Summary: We MUST do more than race to race, we need to race to win!
• PLAY “I RUN” VIDEO CLIP
• SLIDE #1
• I have enjoyed examining the “Amazing Race” with you over the past three week! Today we are going to conclude our examination of the “Amazing Race” by taking a look at the concept of Racing to Win!
• In October of 2002 Herm Edwards then coach of the New York Jets got a little heated in a press conference.
• A reported asked him a question about the game, and Edwards responded by saying that you PLAY TO WIN THE GAME. YOU DO NOT PLAY TO JUST PLAY THE GAME. YOU PLAY TO WIN THE GAME.
• Edwards in this classic rant continued to repeat that you play to win the game.
• Why are you running the race? Are you just playing to play or are you racing to win?
• There is a big difference between racing and racing to win. If you watch any of the professional sports All-Star games, you see an example of playing just playing. If you watch a Super Bowl or World Series you are seeing people playing to win.
• Racing to win means that we will have to take our game to a whole new level. It amazes me to see what an athlete can do when they are playing to win or racing to win.
• Michael Jordan goes out on the court sick with the flu and puts of 30 or 40 points to win a game.
• Your whole life will be about how you handle the challenges you face in life. Will you be the type of person who takes on the challenges of life head on with all you have or will you be the type of person who crumbles under the pressure.
• If you are Racing to Win, you will be determined to over come the challenges.
• In the 1988 World Series against the Oakland Athletics, Kirk Gibson saw only a single plate appearance, but it was one of the most memorable and oft-replayed in baseball history. Gibson had severely injured both legs during the League Championship Series and had a stomach virus. He was not expected to play at all.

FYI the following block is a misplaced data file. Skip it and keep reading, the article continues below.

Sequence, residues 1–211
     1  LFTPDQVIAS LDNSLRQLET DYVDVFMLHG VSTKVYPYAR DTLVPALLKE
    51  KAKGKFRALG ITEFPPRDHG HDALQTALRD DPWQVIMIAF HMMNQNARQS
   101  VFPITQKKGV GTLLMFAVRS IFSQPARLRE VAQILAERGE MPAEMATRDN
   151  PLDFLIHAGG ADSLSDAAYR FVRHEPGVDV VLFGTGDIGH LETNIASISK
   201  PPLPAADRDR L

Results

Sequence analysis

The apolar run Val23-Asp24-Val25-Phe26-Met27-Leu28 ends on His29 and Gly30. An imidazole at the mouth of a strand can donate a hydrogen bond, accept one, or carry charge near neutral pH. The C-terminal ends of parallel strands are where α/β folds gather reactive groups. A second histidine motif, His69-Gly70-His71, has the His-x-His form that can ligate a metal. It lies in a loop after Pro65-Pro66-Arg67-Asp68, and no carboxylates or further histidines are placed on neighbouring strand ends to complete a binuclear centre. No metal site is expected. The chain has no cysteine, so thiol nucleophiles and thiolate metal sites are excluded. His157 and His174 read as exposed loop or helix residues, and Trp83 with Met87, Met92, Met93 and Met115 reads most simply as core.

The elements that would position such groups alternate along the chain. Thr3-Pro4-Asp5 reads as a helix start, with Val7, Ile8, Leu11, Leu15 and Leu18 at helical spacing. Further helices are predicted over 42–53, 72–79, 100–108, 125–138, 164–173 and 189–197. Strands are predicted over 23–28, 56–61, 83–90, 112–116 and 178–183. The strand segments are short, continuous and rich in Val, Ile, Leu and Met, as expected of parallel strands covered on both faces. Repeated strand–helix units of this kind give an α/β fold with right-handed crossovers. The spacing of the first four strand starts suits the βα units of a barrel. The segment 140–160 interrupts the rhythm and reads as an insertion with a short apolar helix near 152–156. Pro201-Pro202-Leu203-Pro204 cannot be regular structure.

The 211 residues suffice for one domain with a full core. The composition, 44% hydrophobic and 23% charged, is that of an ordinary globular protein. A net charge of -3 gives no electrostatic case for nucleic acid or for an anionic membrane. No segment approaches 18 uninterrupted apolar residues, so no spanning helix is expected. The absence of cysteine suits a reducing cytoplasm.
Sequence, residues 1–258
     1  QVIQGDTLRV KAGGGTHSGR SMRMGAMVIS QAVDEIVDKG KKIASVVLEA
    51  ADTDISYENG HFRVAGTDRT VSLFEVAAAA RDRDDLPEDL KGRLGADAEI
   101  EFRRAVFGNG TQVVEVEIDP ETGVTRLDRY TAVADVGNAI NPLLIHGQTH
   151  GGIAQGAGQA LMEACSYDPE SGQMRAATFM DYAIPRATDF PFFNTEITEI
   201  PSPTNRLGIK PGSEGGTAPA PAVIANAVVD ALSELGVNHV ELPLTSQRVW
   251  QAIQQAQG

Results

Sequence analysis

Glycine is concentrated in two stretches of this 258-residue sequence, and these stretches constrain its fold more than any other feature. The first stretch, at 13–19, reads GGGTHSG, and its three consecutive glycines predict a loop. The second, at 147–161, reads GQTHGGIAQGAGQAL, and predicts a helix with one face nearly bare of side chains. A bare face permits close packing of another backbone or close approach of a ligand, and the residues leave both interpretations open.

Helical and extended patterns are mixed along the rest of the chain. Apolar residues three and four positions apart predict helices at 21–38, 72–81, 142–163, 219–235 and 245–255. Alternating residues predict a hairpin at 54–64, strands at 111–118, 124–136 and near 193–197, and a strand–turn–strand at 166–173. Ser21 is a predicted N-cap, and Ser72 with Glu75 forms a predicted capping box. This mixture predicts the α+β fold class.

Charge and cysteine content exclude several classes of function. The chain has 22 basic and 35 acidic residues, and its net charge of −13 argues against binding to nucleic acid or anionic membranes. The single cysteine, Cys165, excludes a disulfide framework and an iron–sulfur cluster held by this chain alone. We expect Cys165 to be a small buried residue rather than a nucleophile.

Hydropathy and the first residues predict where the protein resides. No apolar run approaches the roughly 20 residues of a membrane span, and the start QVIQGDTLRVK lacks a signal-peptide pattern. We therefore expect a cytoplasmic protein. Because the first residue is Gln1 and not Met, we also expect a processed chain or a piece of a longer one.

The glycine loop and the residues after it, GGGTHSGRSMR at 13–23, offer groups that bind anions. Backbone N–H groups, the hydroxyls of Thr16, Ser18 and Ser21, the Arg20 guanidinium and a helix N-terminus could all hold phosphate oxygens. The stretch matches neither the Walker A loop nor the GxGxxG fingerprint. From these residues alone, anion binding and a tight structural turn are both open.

• In Game 1 on October 15, 1988 (at Dodger Stadium), with the Dodgers trailing by a score of 4-3, Mike Davis on first, and two out in the ninth inning, manager Tommy Lasorda inserted Gibson as a pinch hitter.
• Earlier, the TV camera had scanned the dugout and Vin Scully (the legendary Dodger announcer who was calling the game with Joe Garagiola for NBC) observed that Gibson was nowhere to be found. According to legend, he was in the clubhouse undergoing physical therapy and saw this on the television, spurring him to get back in the dugout and tell Lasorda he was ready if needed.
• When Gibson received the news that he would pinch-hit, he went to the clubhouse batting-cage to warm-up. Suffering through such terrible pain in his knee, it is said he was wincing and nearly collapsing after every practice swing.
• Surprising everyone, Gibson hobbled up to the plate with Scully commenting, "Look who’s coming up!" He was facing future Hall-of-Famer Dennis Eckersley, the best relief pitcher in baseball at the time. Gibson quickly got behind in the count, 0-2, but received a few outside pitches from Eckersley to work to a 3-2 count.
• On the sixth pitch of his at bat, a ball, Davis stole second. The A’s could have walked Gibson to face Steve Sax, but chose to pitch to him.